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ADABAS to RDBMS UsingNatQuery. The following session will provide a high-level overview of NatQuerys ability to automatically extract ADABAS data from.

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Presentation on theme: "ADABAS to RDBMS UsingNatQuery. The following session will provide a high-level overview of NatQuerys ability to automatically extract ADABAS data from."— Presentation transcript:

1 ADABAS to RDBMS UsingNatQuery

2 The following session will provide a high-level overview of NatQuerys ability to automatically extract ADABAS data from a LINUX – Red Hat platform and load this data into an SQL Server environment. For a more comprehensive review or to set up a free thirty day trial, please contact your NatWorks representative or send an to NatWorks at

3 Starting from NatQuerys open desk top, our user will demonstrate the steps needed to download SAGs example EMPLOYEE file (using the Read All Records selection logic option of NatQuery) into a SQL Server table on a remote server. This process will be the same for queries using more specific selection logic against your production Files. New queries always begin by using the new query icon. For a walk through of a basic query submission please refer to the slide show Building an End-User Query, found on the Slide Show page of our web site

4 Clicking the New Query icon allows the user to chose a File. In our example the user has chosen the EMPLOYEE file. The user may select one or more Fields for retrieval. In this example the user wishes to retrieve all the fields in the File EMPLOYEES. By clicking the Add All button all the Fields will populate the Selected Fields to Retrieve frame.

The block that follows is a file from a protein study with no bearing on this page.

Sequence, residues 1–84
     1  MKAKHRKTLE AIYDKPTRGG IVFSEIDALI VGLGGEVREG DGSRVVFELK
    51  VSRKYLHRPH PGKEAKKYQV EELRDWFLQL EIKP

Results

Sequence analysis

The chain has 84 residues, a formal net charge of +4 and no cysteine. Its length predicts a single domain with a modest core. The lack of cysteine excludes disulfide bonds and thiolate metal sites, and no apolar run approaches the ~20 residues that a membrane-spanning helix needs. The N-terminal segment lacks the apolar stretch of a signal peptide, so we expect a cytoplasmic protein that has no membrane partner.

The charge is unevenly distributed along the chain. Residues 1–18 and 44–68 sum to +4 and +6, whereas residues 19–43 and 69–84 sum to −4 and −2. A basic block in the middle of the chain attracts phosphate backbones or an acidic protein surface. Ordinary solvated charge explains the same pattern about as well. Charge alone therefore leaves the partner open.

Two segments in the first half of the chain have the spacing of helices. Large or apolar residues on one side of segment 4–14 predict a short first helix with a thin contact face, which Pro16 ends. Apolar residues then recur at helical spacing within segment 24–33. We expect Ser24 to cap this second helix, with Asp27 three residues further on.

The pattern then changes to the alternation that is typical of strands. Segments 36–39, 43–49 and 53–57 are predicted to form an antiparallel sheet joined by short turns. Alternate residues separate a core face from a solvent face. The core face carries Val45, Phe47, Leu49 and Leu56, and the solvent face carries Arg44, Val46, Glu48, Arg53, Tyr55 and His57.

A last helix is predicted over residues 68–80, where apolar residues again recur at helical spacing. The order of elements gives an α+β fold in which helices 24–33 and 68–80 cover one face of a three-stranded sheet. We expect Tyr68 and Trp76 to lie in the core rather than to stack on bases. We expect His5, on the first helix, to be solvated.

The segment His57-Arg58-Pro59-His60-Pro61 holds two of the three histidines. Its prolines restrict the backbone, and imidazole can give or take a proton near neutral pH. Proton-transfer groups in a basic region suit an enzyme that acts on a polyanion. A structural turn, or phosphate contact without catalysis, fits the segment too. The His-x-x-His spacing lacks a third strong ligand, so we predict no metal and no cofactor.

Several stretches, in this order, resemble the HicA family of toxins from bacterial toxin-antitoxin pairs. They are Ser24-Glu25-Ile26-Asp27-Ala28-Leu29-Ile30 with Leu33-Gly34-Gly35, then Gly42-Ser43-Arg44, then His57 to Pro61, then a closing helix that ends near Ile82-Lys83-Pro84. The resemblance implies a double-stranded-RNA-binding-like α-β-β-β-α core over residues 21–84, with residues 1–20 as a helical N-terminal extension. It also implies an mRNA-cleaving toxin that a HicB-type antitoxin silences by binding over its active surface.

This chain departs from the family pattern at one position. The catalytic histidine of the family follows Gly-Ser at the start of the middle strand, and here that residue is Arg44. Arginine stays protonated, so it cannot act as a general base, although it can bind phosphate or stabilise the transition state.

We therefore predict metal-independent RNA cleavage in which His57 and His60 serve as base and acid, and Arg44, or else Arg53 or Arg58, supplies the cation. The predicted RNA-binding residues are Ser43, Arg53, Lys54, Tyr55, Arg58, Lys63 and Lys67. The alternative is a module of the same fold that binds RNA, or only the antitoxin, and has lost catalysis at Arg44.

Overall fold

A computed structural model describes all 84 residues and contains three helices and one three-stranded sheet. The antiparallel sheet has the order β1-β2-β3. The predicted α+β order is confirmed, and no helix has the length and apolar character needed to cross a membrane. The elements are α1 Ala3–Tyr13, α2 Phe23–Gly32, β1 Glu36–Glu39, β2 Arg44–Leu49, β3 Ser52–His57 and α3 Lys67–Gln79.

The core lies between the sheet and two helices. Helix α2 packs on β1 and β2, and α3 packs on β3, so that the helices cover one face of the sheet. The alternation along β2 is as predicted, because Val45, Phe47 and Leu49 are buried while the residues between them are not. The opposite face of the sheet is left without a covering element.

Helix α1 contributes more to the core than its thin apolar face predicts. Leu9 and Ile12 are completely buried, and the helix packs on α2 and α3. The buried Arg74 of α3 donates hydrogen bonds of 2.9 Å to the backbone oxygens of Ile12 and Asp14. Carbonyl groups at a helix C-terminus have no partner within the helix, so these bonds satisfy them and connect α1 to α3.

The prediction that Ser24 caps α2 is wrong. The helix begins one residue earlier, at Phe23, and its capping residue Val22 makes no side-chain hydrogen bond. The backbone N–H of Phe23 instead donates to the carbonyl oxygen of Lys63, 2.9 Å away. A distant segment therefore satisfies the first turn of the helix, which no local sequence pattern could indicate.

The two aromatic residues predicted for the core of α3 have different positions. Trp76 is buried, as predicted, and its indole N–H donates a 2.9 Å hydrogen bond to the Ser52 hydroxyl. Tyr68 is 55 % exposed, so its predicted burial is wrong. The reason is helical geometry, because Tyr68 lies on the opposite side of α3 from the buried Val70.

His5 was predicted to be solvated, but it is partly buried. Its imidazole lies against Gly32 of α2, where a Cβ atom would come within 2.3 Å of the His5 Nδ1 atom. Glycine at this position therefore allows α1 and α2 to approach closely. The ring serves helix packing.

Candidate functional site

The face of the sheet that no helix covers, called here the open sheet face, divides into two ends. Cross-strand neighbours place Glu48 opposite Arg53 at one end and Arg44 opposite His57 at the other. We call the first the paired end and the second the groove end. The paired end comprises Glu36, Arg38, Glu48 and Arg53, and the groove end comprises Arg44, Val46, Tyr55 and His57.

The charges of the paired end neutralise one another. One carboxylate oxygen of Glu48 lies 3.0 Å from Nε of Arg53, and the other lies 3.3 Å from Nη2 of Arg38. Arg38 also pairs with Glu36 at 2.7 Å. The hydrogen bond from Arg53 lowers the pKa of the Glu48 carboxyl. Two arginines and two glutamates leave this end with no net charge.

5 A relationship between EMPLOYEES and VEHICLES was previously defined to NatQuery by an Administrator. NatQuery now makes it available to the user. However, in building an RDBMS extract NatQuery allows only one File at a time to be used. Knowing this the user will click the Continue button.

6 Because the user wishes to extract all of the records, they will click the Read All Records option and then click the OK button. This action will enable the Send to Server icon, which the user will click to begin the submission process.

7 NatQuery requires a Program name and a Short Description in order to continue with the Send to Server process. With any new query, default description information is provided, but the user may change this information as needed/desired. Filling in the Long description option will aid the user in quickly finding this query from the Open Query window. Checking the Favorite box will be helpful if this query is used often.

8 The user is now presented with the Send to Server Options window. From the Extract Type frame the user has chosen the RDBMS Loading option. This extract type allows specific options such as Save JCL as PC File or it may be Scheduled for repeat submissions at specific date/times intervals.

9 Currently there are two RDBMS options for the user to chose from; SQL Server and Oracle. The DB Name options are supplied by the Administrator and the user must choose one to continue. The extraction / loading process being described here is essentially the same for the Oracle environment as it is for the SQL Server environment.

10 The other frames on the Send to Server window may be utilized as the informational needs of the user dictate. Clicking OK at this time will result in several more screens having to do with the optional editing of field information and verification of the users ID and password for the submission process. Ultimately the user will advance to the RDBMS Data Modeling screen.

11 NatQuery will select a default primary key for loading the SQL Server tables. In some cases there may be more suitable keys available or the user may want or need to use more then one primary key, or no key at all.